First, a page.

I don't want to speak ill of the dead, but the Don Sherwood story goes a little further. EC Comics legend George Evans spoke of Sherwood in his interview for The Warren Companion. Evans followed Sherwood as George Wunder's assistant/ghost artist for the 'Terry & the Pirates' dailies. It must have been a good gig for Evans, since he did it for 13 years. According to Evans, much of the work of 'Dan Flagg' was done uncredited by writer Archie Goodwin, artists Angelo Torres, Al Williamson and others. Apparently, hard feelings developed among Sherwood's freelancers, resulting in their employer being lampooned in the horror tale below.1 "The Success Story", by Archie Goodwin and Al Williamson, first appeared in Creepy #1 (1964). It was reprinted in 2008 in The Creepy Archives, vol.1 from Dark Horse.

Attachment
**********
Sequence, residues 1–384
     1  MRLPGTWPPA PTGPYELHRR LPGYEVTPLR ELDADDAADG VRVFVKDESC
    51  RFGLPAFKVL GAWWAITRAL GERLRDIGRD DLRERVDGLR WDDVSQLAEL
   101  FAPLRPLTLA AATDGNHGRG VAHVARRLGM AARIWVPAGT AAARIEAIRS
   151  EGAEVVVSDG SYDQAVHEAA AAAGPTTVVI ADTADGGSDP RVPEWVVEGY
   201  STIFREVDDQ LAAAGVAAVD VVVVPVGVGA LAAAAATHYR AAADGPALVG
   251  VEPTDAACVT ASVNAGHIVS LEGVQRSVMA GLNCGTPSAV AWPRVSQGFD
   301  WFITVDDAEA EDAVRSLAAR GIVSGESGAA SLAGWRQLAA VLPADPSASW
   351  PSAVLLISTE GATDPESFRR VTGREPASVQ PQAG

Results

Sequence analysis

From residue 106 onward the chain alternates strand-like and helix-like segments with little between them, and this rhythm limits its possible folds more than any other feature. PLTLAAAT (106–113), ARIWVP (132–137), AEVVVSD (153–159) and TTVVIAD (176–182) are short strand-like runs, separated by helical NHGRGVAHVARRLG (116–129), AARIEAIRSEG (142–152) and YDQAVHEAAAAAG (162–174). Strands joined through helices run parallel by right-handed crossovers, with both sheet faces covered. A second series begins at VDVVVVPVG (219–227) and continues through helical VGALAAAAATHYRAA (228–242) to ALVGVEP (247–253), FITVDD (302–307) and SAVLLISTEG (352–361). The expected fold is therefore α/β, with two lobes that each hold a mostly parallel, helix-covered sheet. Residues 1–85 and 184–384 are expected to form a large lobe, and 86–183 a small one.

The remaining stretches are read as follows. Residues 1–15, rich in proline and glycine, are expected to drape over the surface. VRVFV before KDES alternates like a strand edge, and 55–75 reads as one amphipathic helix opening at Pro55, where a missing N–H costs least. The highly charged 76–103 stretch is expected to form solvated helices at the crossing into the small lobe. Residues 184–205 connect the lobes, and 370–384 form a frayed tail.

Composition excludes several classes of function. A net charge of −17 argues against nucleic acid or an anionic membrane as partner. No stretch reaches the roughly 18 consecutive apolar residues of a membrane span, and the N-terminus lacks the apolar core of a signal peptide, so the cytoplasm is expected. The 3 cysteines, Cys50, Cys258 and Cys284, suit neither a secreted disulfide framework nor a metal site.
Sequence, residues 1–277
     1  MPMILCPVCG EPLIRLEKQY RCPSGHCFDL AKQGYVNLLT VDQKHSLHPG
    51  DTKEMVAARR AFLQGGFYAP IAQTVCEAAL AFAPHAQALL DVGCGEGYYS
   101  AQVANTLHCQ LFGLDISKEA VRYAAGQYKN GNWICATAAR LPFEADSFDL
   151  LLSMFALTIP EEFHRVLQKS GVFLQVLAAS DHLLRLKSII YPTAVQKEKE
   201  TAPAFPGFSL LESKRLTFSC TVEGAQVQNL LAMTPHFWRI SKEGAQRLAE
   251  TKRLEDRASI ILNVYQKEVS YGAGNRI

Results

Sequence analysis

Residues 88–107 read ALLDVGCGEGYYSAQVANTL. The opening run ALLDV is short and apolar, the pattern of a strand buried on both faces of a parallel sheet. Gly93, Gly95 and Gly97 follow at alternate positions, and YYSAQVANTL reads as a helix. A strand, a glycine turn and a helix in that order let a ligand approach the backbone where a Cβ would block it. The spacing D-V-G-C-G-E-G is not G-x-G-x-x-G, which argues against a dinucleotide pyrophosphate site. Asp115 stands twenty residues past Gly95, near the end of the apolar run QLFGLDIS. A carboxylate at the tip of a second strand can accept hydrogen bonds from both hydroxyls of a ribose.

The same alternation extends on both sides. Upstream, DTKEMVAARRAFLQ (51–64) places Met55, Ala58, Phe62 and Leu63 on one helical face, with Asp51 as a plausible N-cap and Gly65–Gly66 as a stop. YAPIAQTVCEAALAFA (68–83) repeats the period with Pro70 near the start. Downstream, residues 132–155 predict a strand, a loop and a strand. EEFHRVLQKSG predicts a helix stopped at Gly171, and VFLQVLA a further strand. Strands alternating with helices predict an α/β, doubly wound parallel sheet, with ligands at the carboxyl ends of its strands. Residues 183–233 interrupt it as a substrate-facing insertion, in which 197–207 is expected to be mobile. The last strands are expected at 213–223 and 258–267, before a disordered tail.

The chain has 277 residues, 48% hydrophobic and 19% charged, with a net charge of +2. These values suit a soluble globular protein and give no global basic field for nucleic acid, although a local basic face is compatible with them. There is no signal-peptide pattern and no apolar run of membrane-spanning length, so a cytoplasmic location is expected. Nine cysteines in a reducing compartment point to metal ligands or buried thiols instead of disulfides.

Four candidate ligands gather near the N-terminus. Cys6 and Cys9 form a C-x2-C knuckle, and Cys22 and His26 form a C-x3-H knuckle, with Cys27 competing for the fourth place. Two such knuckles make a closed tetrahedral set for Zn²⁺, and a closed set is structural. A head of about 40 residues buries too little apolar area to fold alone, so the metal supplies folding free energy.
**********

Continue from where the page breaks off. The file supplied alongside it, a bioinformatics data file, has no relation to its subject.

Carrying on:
[1] Roach, David A. and Cooke, Jon B., editors, The Warren Companion, 2001, TwoMorrows Publishing, Raleigh, N.C.


cartoonbill said...

I remember the ad(1963) for Dan Flagg. It looked by the ad to be a self syndicsted strip. I too was never able to find any newspapers running the strip. I think the ad was in The Saturday Evening Post.

The Fan With No Name!!! said...

...very interesting & insightful Matt!!!

Westcoast Tony said...

I remember Dan Flagg running in our local paper in the 60s. I also heard the story about it from people in the biz.. that Archie Goodwin wrote it at the time and Williamson (and very possibly Torres) were involved in the art and that the CREEPY story was a roman à clef of a sort. Alden McWilliams seems to have had his hand in there, possibly as an inker?

Anonymous said...